return ref $undefined ne ref $this;

sub is_undefined {
    my ($this) = @_;
    return ref $undefined eq ref $this;

sub is_zero {
    my ($this) = @_;
    return 0 == $this->residue;

sub is_not_zero {
    my ($this) = @_;
    return 0 != $this->residue;

sub as_string {
    my ($this) = @_;
    my ($r, $mod) =
        $this->is_defined? ($this->residue, $this->modulus): qw(? ?);
    return "mod($r, $mod)";

# operators

sub inverse  { $_[0]->_INV }

    foreach my $method (qw(
    )) {
        no strict 'refs';
        *{$method} = sub { $undefined };

# miscellaneous

sub optimize_time    { $_[0] }
sub optimize_space   { $_[0] }
sub optimize_default { $_[0] }



=head1 NAME

Math::ModInt - modular integer arithmetic

=head1 VERSION

This documentation refers to version 0.013 of Math::ModInt.


  use Math::ModInt qw(mod divmod qmod);

  $a = mod(32, 127);            #  32 (mod 127)
  $b = $a->new(99);             #  99 (mod 127)
  $c = $a + $b;                 #   4 (mod 127)
  $d = $a**2 - $b/$a;           # 120 (mod 127)
  ($i, $e) = divmod(32, 5);     #  6, mod(2, 5)

  $m = $d->modulus;             # 127
  $r = $d->residue;             # 120
  $s = $d->signed_residue;      #  -7
  $t = "$a";                    # 'mod(32, 127)'

  use Math::BigRat;

  $q = Math::BigRat->new('2/3');
  $f = qmod($q, 5);             #   4 (mod 5)


Math::ModInt provides overloaded operators for modular integer
arithmetic.  Math::ModInt objects represent integer residue classes.
These objects can be used in arithmetic expressions just like Perl
numbers.  Math::ModInt objects are immutable.  Mutators like C<+=>
will replace an object rather than change its state.

In mixed expressions with Math::ModInt objects and ordinary numbers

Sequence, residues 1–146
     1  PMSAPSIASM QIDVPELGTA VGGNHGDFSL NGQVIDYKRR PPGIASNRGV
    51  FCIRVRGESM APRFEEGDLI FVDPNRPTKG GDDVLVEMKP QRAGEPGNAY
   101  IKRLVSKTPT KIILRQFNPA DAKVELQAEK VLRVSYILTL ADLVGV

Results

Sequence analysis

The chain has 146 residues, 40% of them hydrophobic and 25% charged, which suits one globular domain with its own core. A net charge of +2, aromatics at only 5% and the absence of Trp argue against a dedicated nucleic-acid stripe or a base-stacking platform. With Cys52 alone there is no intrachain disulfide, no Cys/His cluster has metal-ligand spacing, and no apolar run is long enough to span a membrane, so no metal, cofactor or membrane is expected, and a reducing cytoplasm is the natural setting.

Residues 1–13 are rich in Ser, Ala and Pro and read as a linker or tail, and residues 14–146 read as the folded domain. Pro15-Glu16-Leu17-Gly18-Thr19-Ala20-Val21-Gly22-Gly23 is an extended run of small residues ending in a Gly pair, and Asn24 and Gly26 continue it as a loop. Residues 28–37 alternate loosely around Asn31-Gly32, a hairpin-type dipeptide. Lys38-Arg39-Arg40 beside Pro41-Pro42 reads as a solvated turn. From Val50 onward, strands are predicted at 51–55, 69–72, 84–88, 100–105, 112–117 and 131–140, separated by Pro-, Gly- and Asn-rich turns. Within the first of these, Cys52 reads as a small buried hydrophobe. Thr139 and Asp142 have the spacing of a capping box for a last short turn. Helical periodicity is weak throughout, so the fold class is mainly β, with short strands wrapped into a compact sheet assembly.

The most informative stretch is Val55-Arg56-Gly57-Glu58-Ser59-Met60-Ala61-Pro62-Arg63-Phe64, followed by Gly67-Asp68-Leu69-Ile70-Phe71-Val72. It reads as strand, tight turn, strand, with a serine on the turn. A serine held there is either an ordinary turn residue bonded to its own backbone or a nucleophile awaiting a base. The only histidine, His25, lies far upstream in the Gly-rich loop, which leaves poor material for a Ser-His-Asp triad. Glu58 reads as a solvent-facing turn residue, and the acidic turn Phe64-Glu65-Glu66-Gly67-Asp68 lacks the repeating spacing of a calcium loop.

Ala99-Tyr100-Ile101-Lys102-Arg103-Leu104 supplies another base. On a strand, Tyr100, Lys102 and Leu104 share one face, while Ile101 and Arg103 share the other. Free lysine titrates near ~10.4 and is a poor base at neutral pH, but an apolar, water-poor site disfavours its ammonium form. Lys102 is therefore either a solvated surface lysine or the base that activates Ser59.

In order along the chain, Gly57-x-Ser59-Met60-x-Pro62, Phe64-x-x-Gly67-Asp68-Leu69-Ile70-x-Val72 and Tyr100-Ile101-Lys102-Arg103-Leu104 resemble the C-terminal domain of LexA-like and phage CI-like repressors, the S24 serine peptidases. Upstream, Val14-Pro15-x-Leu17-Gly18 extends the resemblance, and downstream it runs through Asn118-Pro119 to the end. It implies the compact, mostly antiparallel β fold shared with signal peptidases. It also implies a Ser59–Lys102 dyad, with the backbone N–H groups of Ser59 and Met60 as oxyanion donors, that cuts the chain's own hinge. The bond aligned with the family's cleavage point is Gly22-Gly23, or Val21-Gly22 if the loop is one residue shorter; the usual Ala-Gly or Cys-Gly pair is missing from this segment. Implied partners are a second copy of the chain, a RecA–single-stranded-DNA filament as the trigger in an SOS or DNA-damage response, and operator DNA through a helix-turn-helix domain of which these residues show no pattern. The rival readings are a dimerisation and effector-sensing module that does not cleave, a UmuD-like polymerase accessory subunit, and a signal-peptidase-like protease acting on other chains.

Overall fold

the numbers are interpreted as their residue class modulo the modulus
of the rest of the expression.  Different moduli must not be mixed,

There are different implementations, optimized for moduli of a
particular size or using a particular math library.  The base module
will transparently choose a suitable back-end whenever a constructor
is called.

=head2 Application Interface

=head3 Constructors

=over 4

=item I<new>

Called as a class method, C<Math::ModInt-E<gt>new($int, $modulus)>
creates a new object of a subclass appropriate for the given modulus
and current platform.  The modulus must be a positive integer value.

Called as an object method, C<$x-E<gt>new($int)> creates a new
object sharing both its type and modulus with the invocant object

=item I<new2>

The constructor method C<new2> is called exactly like C<new> but
it returns two values: an integer division result and a modular
integer object.

=item I<mod>

For convenience, C<mod> can be imported as an abbreviation for the
class method constructor; C<mod($int, $modulus)> is equivalent
to C<Math::ModInt-E<gt>new($int, $modulus)>.  Note that C<mod>
has to be called as a plain function, not like a method.